Witching Stick Wines

In this cozy space, Van Williamson introduces visitors to his unique approach to winemaking. Williamson farms and bottles his own pinot noir and zinfandel and buys from local vineyards to craft such wines as a citrusy chardonnay and the popular 2012 Valenti Vineyard Syrah, balanced and full of summer herbs and berry flavors.

Toulouse Vineyards

The setup at Toulouse Vineyards features sweeping views of the valley off the back deck and an expert winemaker who pops in from time to time to share his wealth of wine knowledge. Vineyard owners and winemakers Vern and Maxine Boltz showcase their handcrafted wines most notably in the floral, tropical flavors of the gewurztraminer and the newer valdiguie (a fruity red wine).

Wine tastings throughout the valley run about $10, but the fee is often waived with the purchase of a bottle of wine.

Things to do


Hendy Woods State Park spans 816 acres and includes two old-growth redwood groves.

Photo by Carlos Chavarría

The Madrones

Over the past two decades, Madrones owners Jim Roberts and Brian Adkinson have transformed what was originally a simple four-room home and TV repair shop into nine villa-esque guest rooms. The Mediterranean-meets-West-Coast enclave looks like something straight out of Tuscany, but the wood-fire-cooked dishes served at the resort’s Stone & Embers restaurant and three new tasting rooms, helmed by local winemakers, are pure California. Smith Story Wine Cellars’s tasting room, run by husband-and-wife duo Eric Story and Ali Smith-Story, showcases a slew of vibrant Mendocino County and German wines. Top picks include the fruity, effervescent 2016 riesling, imported from the Rheingau region of Germany, and the 2016 Helluva Vineyard Pinot Noir, one Story describes as “very much the extrovert” of their pinots. The Long Meadow Ranch tasting room offers a range of options, including flights of wines produced with grapes from specific regions and olive oil tastings.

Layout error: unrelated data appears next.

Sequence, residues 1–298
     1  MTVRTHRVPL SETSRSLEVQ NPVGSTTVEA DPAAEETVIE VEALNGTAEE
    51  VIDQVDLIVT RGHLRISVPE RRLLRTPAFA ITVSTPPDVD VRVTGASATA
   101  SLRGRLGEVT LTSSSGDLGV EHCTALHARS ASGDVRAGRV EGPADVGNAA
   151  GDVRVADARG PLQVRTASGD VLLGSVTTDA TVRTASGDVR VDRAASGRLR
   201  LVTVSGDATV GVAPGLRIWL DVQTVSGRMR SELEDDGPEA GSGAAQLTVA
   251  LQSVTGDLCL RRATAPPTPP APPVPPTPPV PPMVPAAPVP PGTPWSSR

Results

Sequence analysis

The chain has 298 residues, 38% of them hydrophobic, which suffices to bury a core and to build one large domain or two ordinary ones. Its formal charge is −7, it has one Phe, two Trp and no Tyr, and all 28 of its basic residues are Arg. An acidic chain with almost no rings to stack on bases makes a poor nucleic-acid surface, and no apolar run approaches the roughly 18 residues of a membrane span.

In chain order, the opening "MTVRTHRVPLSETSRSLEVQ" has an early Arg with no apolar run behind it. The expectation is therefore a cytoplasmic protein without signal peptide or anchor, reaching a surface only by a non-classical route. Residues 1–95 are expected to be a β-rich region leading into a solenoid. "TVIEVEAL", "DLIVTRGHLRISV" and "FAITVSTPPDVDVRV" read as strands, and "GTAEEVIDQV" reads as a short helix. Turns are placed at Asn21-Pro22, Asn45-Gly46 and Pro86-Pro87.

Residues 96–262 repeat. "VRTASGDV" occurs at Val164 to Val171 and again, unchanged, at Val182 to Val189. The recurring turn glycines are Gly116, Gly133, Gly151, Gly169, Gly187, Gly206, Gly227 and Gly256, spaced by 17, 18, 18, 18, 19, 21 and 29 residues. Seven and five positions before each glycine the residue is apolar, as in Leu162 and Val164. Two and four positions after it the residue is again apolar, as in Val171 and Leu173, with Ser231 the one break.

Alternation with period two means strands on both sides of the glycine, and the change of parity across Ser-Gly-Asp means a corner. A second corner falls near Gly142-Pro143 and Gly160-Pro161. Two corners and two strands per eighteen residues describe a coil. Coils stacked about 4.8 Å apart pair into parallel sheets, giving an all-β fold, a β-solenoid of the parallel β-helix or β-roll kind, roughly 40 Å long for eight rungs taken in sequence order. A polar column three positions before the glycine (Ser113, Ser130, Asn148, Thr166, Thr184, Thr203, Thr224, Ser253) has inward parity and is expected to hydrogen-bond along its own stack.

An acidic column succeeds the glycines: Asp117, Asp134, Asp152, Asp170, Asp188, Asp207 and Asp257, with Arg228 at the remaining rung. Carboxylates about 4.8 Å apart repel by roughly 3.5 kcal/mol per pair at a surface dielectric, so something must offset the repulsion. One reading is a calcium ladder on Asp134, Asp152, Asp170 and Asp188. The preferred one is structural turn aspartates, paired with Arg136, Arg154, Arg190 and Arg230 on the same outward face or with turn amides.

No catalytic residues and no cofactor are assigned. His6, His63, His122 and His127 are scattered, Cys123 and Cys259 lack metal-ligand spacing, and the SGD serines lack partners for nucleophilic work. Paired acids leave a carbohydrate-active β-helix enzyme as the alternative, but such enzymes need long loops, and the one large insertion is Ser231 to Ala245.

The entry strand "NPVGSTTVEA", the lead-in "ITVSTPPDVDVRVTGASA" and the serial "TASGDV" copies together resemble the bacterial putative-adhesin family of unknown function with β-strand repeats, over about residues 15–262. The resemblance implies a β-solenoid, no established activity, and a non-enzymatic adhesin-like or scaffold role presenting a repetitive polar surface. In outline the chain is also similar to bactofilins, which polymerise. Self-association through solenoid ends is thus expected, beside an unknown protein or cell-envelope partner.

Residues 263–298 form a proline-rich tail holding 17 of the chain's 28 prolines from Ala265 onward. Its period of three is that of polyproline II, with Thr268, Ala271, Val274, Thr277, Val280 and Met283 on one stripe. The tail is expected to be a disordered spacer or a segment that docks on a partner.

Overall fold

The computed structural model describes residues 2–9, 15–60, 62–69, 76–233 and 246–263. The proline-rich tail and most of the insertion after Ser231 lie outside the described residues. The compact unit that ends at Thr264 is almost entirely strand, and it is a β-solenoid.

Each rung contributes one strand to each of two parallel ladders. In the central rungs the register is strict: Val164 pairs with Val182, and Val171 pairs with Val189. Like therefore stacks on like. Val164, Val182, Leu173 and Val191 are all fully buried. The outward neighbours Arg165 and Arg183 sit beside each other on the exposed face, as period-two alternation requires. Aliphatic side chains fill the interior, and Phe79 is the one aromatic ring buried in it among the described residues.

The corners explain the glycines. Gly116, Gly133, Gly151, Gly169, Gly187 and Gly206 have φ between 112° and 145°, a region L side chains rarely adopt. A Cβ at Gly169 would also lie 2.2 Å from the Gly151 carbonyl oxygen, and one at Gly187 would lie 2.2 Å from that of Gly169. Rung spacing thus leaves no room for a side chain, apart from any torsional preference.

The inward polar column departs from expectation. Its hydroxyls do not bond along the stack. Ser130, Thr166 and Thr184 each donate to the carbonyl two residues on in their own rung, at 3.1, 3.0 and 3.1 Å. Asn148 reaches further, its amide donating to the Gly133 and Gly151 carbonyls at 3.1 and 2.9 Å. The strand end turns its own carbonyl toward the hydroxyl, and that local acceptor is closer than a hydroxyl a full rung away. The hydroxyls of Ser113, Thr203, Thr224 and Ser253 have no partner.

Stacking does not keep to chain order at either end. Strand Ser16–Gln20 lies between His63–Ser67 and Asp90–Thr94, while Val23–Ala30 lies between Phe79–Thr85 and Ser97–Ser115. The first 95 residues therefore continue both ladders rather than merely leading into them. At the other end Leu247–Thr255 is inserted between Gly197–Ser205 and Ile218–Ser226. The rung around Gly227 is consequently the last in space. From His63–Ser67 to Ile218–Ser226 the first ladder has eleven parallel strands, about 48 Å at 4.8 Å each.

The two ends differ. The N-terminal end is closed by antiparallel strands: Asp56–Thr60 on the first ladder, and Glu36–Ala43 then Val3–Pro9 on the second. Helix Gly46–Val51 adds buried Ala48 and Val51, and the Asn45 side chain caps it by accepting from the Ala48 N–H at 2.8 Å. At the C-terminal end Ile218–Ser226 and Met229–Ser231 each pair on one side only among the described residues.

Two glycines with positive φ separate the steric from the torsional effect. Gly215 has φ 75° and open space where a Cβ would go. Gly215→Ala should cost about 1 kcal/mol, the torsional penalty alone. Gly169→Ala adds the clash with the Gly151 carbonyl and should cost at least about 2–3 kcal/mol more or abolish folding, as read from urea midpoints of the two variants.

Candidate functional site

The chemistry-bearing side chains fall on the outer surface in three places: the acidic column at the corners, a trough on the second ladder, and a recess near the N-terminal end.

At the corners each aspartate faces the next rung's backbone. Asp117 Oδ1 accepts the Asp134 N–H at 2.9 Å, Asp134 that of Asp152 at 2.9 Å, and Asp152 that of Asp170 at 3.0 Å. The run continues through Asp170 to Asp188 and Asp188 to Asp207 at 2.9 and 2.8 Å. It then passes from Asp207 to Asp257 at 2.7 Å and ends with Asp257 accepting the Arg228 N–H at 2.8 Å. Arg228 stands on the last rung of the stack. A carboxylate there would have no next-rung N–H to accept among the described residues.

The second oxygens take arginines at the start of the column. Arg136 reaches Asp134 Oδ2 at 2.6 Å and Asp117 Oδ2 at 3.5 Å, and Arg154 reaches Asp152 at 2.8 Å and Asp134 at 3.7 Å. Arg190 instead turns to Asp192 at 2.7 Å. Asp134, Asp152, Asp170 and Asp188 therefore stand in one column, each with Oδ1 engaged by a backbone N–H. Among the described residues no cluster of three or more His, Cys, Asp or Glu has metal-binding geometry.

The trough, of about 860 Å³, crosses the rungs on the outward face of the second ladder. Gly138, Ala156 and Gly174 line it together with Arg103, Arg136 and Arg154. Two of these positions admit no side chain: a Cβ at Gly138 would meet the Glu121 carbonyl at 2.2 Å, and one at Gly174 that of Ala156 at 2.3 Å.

Next door, the Madrones’s sister property, the Brambles, has five Victorian steampunk–inspired cabins and rooms set in a redwood grove. The former spiritual retreat site is bordered by Indian Creek; a plan to develop a network of trails to connect the Madrones and the Brambles is in the works, Roberts and Adkinson say, which would allow guests to roam between the two properties. Rooms from $210.

Pennyroyal Farm

If you’re approaching Anderson Valley from the east on CA-128, Pennyroyal Farm is the first roadside commercial establishment that suggests the valley is more than rolling hills and weathered farmhouses. Pennyroyal is a creamery, winery, and sustainable farm rolled into one. The farm’s 23 acres of sauvignon blanc and pinot noir grapes sit before a heavily forested ridge that marks the southern edge of Anderson Valley.

You can book a tour of the barn, milking station, and cheese production room—and be prepared to give the goats a little head scratch. The farmstead cheeses are made in small batches and seasonally, meaning milking follows the animals’ natural reproductive cycles. Get a taste of creamy Laychee, Pennyroyal’s signature goat cheese, paired with a crisp sauvignon blanc or a sharp Boont Corners to go with an estate pinot noir. The kitchen offers a limited menu for lunch, and while the grilled cheese is a surefire hit, you also can’t go wrong with the SmorgasBoard–a hearty array of meats, cheeses, jams, nuts, spreads, and other items.

Hendy Woods State Park

In Anderson Valley, nature is virtually at your disposal. It’s incorporated in the cuisine and woven into lodgings, but to envelop yourself in the purest form of the valley’s outdoors, escape to Hendy Woods State Park. Spanning 816 acres in northwestern Anderson Valley, the park has five miles of trails and two old-growth redwood groves, where some of the trees stretch more than 300 feet tall and are 1,000 years old. Hendy Woods is popular for swimming in the summer, canoeing in the winter and spring, and camping year-round.